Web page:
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It’s a commonly prescribed remedy for stress and anxiety, but scientists say spending time in nature has more health benefits than we think.

Walking in nature changes your brain. Here's how

Daksha Rangan
Digital Reporter

Wednesday, April 13, 2016, 3:38 PM - It’s a commonly prescribed remedy for stress and anxiety, but scientists say spending time in nature has more health benefits than we think.

Stanford University’s Gregory Bratman and colleagues recently conducted a study that proves walking through nature physically changes the way blood flows to the brain.

Bratman and his team found that those who briefly strolled through a green, lush part of Stanford’s campus were more attentive and happier when compared to volunteers who walked for the same amount of time by heavy traffic. They also saw a shift in the amount of blood flowing to the subgenual prefrontal cortex: the part of the brain that has a heightened blood flow linked to morbid rumination.

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The scientists examined a person’s tendency to brood – a mental state in which people overthink the flaws within themselves and their lives, also known as morbid rumination. As The New York Times notes, brooding is an initial step in the spin toward depression, and it’s increasingly common among city residents rather than those living outside urban areas.

Bratman and his colleagues found that this type of thought is associated with heightened activity in the brain’s subgenual prefrontal cortex. So the group of scientists had 38 healthy, adult city locals to answer a series of question to determine how often they experience morbid rumination.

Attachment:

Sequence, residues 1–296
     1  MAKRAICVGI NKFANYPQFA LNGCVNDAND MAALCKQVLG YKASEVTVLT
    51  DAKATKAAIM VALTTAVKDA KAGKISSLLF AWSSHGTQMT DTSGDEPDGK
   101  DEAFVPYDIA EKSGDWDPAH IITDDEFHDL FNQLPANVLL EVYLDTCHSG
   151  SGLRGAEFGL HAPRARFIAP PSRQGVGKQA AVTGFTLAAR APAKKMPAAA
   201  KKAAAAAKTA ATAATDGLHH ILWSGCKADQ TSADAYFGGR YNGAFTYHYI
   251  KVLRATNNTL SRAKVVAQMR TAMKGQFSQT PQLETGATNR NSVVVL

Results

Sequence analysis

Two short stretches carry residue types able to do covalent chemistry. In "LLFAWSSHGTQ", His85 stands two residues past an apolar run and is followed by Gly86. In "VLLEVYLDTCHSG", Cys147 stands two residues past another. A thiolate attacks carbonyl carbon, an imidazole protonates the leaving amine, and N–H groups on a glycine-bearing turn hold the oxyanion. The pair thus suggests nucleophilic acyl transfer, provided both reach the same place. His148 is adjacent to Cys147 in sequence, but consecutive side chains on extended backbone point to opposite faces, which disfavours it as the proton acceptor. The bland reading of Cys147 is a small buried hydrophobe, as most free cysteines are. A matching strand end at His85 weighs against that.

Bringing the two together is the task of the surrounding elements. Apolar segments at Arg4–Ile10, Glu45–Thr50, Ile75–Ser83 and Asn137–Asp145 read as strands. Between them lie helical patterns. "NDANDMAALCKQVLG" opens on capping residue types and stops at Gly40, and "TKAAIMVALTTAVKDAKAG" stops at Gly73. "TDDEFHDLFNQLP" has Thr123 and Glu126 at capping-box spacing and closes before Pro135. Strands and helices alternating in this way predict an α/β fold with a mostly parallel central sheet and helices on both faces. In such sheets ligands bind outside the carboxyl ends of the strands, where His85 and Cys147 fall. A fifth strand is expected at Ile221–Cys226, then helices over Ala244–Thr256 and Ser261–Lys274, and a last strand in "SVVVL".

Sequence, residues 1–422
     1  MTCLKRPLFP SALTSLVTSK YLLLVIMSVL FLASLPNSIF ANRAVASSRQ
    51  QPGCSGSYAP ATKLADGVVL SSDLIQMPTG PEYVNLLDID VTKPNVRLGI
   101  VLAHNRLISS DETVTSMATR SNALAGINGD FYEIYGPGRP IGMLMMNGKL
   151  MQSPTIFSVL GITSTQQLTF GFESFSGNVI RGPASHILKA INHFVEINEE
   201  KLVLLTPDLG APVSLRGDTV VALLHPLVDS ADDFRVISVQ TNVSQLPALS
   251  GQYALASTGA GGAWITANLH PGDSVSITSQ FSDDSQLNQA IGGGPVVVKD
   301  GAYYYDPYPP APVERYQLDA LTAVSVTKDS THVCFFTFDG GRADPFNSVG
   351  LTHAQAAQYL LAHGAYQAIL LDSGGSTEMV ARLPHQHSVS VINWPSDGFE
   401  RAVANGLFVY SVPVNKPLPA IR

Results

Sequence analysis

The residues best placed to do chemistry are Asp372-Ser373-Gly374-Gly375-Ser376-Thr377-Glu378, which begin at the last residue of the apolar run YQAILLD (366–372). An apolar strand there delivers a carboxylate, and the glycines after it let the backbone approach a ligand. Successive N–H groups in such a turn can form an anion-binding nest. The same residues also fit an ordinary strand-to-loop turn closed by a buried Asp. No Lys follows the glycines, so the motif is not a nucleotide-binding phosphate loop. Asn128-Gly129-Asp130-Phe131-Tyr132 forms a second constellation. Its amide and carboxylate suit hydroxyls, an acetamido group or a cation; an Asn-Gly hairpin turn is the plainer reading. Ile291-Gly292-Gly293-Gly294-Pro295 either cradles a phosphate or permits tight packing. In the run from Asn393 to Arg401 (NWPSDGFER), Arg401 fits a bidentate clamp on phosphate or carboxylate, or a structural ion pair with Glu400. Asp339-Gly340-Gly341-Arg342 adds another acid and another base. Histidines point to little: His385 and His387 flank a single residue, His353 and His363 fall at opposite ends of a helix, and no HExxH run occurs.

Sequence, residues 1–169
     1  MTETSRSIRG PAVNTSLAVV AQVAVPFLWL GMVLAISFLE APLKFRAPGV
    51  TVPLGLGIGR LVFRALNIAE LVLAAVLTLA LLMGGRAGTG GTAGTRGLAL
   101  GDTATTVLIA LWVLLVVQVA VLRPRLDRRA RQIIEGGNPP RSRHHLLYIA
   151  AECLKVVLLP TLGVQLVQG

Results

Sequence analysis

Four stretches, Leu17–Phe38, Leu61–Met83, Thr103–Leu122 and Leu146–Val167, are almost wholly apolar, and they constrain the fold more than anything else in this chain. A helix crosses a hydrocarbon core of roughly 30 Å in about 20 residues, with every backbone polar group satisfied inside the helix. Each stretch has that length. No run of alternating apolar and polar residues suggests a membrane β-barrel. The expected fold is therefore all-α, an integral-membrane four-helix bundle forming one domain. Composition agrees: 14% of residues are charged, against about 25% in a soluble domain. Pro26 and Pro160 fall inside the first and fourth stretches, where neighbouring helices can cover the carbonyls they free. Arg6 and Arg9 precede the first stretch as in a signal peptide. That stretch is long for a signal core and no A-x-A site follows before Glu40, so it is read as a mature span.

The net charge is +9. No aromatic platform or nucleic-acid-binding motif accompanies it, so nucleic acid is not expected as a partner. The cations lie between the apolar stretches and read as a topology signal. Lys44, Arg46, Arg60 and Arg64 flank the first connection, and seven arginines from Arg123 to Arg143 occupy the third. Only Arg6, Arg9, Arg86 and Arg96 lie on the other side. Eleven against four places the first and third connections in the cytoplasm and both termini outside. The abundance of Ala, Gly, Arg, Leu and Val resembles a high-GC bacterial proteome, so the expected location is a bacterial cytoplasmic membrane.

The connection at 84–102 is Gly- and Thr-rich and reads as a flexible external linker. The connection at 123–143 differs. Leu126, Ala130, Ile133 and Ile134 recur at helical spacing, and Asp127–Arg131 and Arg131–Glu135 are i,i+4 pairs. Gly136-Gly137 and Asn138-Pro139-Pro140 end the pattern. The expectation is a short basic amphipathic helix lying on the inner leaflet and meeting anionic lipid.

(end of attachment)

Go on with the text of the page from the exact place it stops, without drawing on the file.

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They then had half of their subjects spend 90 minutes walking through a green, quiet, park-esque part of Stanford’s campus. The other half walked alongside a chaotic, multi-lane highway in Palo Alto.

Those who walked along the highway saw blood flow to the subgenual prefrontal cortex was still high, and their level of broodiness went unchanged. But those who walked through the quiet, greenery-enclosed spaces saw slight but significant improvements in their mental health, based on their questionnaire scores. There was also a decrease in blood flow to the subgenual prefrontal cortex.

Spending time in nature has proven to have remarkable effects on one’s overall health, but a key variable in Bratman’s study was the lack of electronic devices.

Subjects were allowed to walk at their own pace, but they could not listen to music or be connected to technology.

Stock Footage by Videezy

SOURCE: The New York Times | Study: Science Direct

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